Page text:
Top 10 Small Trees for NZ Gardens: Perfect for Limited Spaces

side view hand holding little tree

In the lush landscapes of New Zealand, selecting suitable trees for small gardens is more than a mere aesthetic choice—it’s an essential aspect of garden design.

This article explores the top 10 small trees ideally suited for limited spaces in New Zealand gardens. We’ll discuss these:

  1. Japanese Maple
  2. Crabapple
  3. Michelia
  4. Orange Jessamine
  5. Cycads
  6. Camellia Tree
  7. Blue Star Creeper
  8. Silver Birch
  9. Kōwhai

    These carefully chosen varieties enhance your garden’s visual appeal and cater to practical aspects such as shade, privacy, and even wildlife attraction.

So, let’s start exploring Small Trees in New Zealand.

Criteria for Selecting Small Trees for NZ Gardens

When selecting trees for confined spaces, it’s crucial to consider factors such as growth rate, root system, and canopy size. Trees that grow too large may cause issues with neighbors or local council regulations.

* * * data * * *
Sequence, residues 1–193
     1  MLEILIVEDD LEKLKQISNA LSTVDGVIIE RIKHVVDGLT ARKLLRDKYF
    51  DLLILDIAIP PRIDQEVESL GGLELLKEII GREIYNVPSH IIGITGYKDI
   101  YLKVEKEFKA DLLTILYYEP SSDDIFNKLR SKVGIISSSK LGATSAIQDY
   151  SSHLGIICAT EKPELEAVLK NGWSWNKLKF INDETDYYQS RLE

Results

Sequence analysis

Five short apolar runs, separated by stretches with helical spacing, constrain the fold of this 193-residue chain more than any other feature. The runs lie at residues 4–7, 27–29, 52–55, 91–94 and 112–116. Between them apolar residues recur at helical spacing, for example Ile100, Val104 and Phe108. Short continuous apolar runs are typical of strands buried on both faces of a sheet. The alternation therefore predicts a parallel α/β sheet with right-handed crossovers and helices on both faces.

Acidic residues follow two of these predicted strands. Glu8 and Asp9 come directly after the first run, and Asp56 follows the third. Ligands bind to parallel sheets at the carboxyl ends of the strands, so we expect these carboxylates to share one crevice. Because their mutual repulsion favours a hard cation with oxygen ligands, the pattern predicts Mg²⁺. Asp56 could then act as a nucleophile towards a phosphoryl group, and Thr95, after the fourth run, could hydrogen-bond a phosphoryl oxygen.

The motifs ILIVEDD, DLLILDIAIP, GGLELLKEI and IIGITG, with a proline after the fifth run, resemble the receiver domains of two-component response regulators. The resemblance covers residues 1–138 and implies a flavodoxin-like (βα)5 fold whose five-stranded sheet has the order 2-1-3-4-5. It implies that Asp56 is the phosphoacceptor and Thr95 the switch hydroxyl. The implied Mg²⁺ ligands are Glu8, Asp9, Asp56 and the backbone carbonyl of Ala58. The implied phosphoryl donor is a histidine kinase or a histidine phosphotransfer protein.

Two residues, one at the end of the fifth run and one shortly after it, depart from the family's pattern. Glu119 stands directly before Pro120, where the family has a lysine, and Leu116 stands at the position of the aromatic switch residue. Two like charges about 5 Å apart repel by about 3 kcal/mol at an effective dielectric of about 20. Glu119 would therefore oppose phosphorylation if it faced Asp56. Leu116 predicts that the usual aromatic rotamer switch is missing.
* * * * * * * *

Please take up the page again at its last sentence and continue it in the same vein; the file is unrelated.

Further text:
Equally important is choosing species that thrive in New Zealand’s varied climates and soil types. We suggest picking an evergreen tree rather than a deciduous tree so your garden can look good throughout the year.

Top 10 Small Trees for NZ Gardens

Let’s check out the top 10 small trees for NZ gardens:

1) Japanese Maple

japanese maple

Description: The Japanese Maple, stunning autumn colours ranging from bright reds to deep purples, is a visual delight in any garden. Its compact growth habit, typically reaching no more than 6-8 metres in height, makes it particularly suitable for smaller spaces where a full-sized tree would be overwhelming.

Climate Suitability: This small tree is best suited to areas of New Zealand where it can be sheltered from the harsher effects of the sun and strong winds. It benefits from a position that receives partial shade in warmer regions, especially hot afternoons.